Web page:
Becoming Mom Strong

Becoming Mom Strong - Parenting Like HannahBeing a Mom can be scary. There are times when it can feel overwhelming. Christian parenting takes even more effort than “regular” parenting. It’s tempting to stop putting in the extra effort and allowing God to “fix our mistakes” – or hoping your kids will pick up enough at church to become godly men and women.

Heidi St. John has written a new book Becoming Mom Strong. She advocates allowing God to give you that extra strength, energy – whatever you need – to Christian parent the way He wants you to parent. Her theory, one could say, is that tapping into God and becoming stronger spiritually, will also provide additional strengths you need.

I thought it was a very interesting perspective that she believes God created childbirth to happen when women are young and often have little life experience on purpose. She theorizes it is by God’s design, precisely because they are inexperienced. Although she doesn’t say it explicitly, St. John implies it is because those young moms will then turn to God for His guidance in raising their kids.

Throughout the book, St. John addresses issues, excuses and anything else she feels discourage moms from giving their all to Christian parenting. She covers topics from “when your plans get turned upside down” to “facing your giants” and more. Throughout, she quotes or refers to quite a few scriptures. Although I prefer authors to give full quotes of scriptures in their books (because let’s be honest – how many of us will actually pull out a Bible and look them up to read), I appreciate that when she refers to a scripture she at least gives a type of summary.

While much of her advice is good, I was a bit surprised at her rather harsh judgment of another parenting author couple. Although she doesn’t name them, she gives enough information to make it easy to identify. My biggest issue with her critique is that she didn’t pay close attention to them at all. Multiple times they repeatedly said their ideas were merely guidelines that could and should be tweaked when necessary. I get her own parenting point from the story. I just don’t think it was necessary to criticize the other authors in the process.

In fact, I am a bit torn about this book. Her advice for quiet times with God, for example, will be helpful to many moms. On the other hand, it seems as if most of her advice came with a personal rather depressing mom story from her life. I understand many readers want to hear from “flawed” moms, but we are all flawed. Personally, I like my author flaws with a dose of humor and at least a small sense that they have their acts together more consistently than I do. If you prefer authors who lay out all of their flaws and struggles, you may actually love her style.

While her advice implies she knows what to do, her stories often left me feeling like she was still taking on too much – homeschooling seven kids, raising them, caring for them, and being a conference speaker, author and blogger? Even though I am sure some of her kids are now adults, she evidently has been doing this for years. This is not meant to be judgmental, but merely to point out that often parenting problems come from being too scattered and taking on way too many responsibilities inside and outside of our homes. Even though she covers the topic in one chapter, I just wasn’t convinced she follows her own advice.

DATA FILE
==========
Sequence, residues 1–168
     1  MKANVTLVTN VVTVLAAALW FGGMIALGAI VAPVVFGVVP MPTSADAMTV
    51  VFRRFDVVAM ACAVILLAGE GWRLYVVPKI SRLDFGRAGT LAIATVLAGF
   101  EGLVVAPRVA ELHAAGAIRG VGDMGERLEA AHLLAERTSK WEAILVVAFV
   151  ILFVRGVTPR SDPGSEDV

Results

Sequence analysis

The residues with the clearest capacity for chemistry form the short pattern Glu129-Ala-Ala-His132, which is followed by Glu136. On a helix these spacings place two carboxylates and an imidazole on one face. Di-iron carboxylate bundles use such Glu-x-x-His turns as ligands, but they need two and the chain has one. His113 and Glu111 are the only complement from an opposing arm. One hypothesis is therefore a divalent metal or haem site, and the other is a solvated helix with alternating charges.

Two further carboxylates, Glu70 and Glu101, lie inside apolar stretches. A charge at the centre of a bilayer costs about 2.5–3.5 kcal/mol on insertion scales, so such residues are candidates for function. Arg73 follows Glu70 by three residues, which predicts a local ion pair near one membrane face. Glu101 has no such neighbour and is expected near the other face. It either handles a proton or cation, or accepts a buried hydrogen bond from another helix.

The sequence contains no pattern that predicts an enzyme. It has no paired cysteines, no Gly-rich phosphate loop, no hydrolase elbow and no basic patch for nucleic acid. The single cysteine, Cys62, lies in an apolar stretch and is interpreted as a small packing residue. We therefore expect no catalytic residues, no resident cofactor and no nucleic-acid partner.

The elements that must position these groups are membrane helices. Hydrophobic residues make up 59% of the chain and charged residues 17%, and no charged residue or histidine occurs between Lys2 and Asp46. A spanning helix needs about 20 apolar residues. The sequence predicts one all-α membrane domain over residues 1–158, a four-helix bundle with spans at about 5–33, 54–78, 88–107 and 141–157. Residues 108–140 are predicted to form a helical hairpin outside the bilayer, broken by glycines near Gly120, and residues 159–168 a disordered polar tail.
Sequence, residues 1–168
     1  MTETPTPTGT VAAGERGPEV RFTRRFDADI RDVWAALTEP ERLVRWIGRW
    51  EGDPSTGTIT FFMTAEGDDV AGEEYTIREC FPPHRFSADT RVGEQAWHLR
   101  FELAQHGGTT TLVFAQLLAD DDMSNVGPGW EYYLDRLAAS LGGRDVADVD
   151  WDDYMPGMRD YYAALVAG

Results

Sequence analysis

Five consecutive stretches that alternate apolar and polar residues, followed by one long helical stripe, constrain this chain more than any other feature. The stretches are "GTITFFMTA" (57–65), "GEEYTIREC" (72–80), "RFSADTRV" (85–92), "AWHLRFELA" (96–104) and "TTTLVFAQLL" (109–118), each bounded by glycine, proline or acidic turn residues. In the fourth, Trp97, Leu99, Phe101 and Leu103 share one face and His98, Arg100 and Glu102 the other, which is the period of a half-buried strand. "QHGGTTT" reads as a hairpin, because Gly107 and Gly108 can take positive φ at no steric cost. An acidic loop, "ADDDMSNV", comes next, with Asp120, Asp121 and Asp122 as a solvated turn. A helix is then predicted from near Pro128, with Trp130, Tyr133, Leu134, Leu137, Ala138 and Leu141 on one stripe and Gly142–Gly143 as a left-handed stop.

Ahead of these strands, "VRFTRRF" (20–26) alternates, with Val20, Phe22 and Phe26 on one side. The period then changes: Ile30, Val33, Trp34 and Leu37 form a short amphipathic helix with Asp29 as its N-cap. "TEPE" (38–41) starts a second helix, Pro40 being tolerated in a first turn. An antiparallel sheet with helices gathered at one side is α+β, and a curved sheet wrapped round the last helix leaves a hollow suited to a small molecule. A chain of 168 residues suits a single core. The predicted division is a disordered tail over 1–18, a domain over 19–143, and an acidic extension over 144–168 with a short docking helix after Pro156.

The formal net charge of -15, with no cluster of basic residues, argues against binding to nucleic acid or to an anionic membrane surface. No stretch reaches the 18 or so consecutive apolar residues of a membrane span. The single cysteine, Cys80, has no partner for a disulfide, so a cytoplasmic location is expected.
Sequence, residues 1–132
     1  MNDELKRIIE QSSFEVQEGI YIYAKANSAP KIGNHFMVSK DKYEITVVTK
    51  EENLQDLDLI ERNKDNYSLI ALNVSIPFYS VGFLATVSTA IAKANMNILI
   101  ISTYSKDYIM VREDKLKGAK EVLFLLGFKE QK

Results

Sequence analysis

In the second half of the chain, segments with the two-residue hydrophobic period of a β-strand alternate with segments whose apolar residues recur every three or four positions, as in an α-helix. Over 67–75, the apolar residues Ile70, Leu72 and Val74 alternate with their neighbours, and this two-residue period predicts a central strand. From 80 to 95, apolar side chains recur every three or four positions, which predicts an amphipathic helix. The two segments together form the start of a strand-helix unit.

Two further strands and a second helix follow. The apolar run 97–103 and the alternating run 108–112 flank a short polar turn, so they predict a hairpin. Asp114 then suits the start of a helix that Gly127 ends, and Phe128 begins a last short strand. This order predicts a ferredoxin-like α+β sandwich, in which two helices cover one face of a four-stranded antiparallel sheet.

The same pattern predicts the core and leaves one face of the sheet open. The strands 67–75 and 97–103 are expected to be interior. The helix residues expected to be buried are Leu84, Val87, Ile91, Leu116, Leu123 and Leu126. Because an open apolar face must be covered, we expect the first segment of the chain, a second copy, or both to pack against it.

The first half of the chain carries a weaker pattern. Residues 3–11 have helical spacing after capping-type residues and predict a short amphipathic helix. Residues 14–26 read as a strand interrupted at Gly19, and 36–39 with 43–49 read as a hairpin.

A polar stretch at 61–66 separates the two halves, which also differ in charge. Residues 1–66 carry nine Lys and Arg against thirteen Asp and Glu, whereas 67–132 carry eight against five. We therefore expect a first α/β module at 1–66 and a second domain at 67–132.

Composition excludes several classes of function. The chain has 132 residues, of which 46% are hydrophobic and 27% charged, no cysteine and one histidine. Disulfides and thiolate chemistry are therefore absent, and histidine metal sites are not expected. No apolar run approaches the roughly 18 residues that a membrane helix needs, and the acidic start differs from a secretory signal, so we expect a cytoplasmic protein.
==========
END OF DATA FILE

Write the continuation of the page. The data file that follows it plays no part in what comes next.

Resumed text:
My bottom line on this book? The advice is basically solid advice. She concludes each chapter with a blurb reviewing the main points or giving specific tips to help in that area. She also provides a short list of possible prayer topics in that area. For me though, her personal stories left me feeling exhausted and a bit blue. I even stopped reading at one point and set it aside for a couple of weeks to make sure it wasn’t my mood. Yet upon picking it up again, I still came away with a similar feeling. The advice is basically strong though, so perhaps skimming for the advice and skipping the stories would help. It’s a good book. It’s just not going to be one of my favorites.



This book was given to me for free in exchange for my honest review. An affiliate link is included for your convenience.

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Thereasa Winnett

Thereasa Winnett is the founder of Teach One Reach One and blogger at Parenting Like Hannah. She holds a BA in education from the College of William and Mary. She has served in all areas of ministry to children and teens for more than thirty years and regularly leads workshops for ministries and churches. She has conducted numerous workshops, including sessions at Points of Light’s National Conference on Volunteering and Service, the National Urban Ministry Conference, Pepperdine Bible Lectures, and Lipscomb’s Summer Celebration. Thereasa lives in Atlanta, GA with her husband Greg, where she enjoys reading, knitting, traveling and cooking.

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